Swedish researchers at Sahlgrenska Academy and Chalmers University of Technology have successfully induced human cartilage cells to live and grow in an animal model, using 3D bioprinting.
The results will move development closer to a potential future in which it will be possible to help patients by giving them new body parts through 3D bioprinting.
The results were recently presented in the journal, Plastic and Reconstructive Surgery Global Open.
‘This is the first time anyone has printed human-derived cartilage cells, implanted them in an animal model and induced them to grow,’ explained Paul Gatenholm, Professor of Biopolymer Technology at Chalmers University of Technology.
Professor Gatenholm leads the research team working with the new biomaterial based on nanocellulose at the Wallenberg Wood Science Centre.
He has been working with Lars Kölby, senior lecturer at Sahlgrenska Academy and specialist consultant with the Department of Plastic Surgery at Sahlgrenska University Hospital.
The researchers printed a hydrogel of nanocellulose mixed with human-derived cartilage cells – a so called construct. They used a 3D bioprinter manufactured by Cellink, a Gothenburg-based startup firm whose bio-ink is a result of research by Paul Gatenholm. Immediately after printing, the construct was implanted in mice.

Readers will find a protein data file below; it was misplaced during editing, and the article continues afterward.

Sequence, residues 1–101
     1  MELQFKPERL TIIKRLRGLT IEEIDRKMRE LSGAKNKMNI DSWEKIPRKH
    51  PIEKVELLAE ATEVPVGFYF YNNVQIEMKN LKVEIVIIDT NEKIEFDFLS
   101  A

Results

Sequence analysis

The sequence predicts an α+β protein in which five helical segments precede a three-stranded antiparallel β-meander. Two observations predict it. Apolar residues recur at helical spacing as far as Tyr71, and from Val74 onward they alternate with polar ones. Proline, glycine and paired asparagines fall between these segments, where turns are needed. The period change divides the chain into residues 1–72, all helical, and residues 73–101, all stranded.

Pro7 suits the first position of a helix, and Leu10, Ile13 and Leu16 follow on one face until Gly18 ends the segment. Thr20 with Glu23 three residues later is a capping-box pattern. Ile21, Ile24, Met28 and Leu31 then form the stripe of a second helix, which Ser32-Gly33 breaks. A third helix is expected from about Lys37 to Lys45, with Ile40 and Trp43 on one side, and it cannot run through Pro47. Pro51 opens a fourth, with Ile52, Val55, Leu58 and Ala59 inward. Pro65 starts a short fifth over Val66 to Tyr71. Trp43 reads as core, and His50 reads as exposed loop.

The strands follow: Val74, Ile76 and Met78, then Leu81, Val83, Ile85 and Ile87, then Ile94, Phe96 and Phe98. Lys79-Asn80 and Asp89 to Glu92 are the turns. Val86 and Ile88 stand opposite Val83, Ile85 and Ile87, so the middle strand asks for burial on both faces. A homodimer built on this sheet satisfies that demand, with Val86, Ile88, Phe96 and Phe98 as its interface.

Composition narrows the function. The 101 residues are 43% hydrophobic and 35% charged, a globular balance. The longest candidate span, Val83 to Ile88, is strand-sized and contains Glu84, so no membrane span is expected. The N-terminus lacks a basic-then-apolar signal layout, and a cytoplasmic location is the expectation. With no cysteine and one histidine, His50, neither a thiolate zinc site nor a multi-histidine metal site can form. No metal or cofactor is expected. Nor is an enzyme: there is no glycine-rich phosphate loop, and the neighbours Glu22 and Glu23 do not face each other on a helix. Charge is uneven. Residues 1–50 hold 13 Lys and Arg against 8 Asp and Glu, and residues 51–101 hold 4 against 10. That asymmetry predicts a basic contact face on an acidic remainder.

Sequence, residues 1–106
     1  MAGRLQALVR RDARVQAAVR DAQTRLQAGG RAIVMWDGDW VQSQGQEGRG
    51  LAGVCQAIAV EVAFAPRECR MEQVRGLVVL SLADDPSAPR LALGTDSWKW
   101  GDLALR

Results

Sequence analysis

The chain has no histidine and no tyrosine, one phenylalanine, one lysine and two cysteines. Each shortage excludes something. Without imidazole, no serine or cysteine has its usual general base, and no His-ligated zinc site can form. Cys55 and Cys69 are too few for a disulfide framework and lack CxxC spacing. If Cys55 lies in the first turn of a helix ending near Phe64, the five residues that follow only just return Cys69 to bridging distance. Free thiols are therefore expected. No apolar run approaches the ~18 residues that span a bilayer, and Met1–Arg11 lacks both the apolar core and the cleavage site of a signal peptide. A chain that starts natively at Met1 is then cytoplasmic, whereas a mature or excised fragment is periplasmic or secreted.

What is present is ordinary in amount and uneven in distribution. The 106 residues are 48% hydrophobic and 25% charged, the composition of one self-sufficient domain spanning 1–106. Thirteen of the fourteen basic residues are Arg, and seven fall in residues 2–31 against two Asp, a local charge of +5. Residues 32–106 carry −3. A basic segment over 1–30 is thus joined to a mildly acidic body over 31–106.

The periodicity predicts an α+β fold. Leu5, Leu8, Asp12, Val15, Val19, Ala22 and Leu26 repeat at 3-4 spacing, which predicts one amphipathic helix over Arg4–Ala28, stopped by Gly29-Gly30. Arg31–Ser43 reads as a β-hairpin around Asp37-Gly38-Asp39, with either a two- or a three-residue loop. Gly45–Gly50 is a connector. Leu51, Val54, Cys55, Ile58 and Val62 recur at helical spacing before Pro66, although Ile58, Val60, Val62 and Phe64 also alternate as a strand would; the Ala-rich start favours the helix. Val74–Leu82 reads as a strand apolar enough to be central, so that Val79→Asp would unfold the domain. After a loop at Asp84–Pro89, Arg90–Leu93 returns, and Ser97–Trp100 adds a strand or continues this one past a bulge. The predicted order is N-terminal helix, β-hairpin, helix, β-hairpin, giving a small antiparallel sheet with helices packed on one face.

The researchers can report three positive results of the animal study:
- Human cartilage tissue has grown in an animal model
- Vascularisation, i.e., the formation of blood vessels, between the materials
- Strong stimulation of proliferation and neocartilage formation by human stem cells
‘What we see after 60 days is something that begins to resemble cartilage. It is white and the human cartilage cells are alive and producing what they are supposed to. We have also been able to stimulate the cartilage cells by adding stem cells, which clearly promoted further cell division,’ said Lars Kölby.